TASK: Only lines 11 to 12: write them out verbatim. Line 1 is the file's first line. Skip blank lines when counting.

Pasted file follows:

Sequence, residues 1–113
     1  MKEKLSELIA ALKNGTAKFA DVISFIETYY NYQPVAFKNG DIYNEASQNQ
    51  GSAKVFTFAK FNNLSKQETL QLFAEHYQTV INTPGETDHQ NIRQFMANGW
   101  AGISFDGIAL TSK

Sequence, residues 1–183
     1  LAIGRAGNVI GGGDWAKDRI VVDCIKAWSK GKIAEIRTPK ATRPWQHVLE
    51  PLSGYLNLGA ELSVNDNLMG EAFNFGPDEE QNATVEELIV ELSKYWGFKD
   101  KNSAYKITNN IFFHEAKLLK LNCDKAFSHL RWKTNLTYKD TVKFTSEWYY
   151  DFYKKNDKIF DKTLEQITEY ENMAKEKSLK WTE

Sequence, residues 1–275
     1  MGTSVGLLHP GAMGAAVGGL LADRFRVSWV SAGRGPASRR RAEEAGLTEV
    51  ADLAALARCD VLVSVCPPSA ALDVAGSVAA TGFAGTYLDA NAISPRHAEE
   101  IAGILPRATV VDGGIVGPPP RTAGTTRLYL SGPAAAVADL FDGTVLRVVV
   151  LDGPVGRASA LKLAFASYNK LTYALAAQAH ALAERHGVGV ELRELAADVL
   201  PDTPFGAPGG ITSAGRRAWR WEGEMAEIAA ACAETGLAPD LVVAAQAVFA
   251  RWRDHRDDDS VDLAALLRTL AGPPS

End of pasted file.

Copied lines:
     1  MGTSVGLLHP GAMGAAVGGL LADRFRVSWV SAGRGPASRR RAEEAGLTEV
    51  ADLAALARCD VLVSVCPPSA ALDVAGSVAA TGFAGTYLDA NAISPRHAEE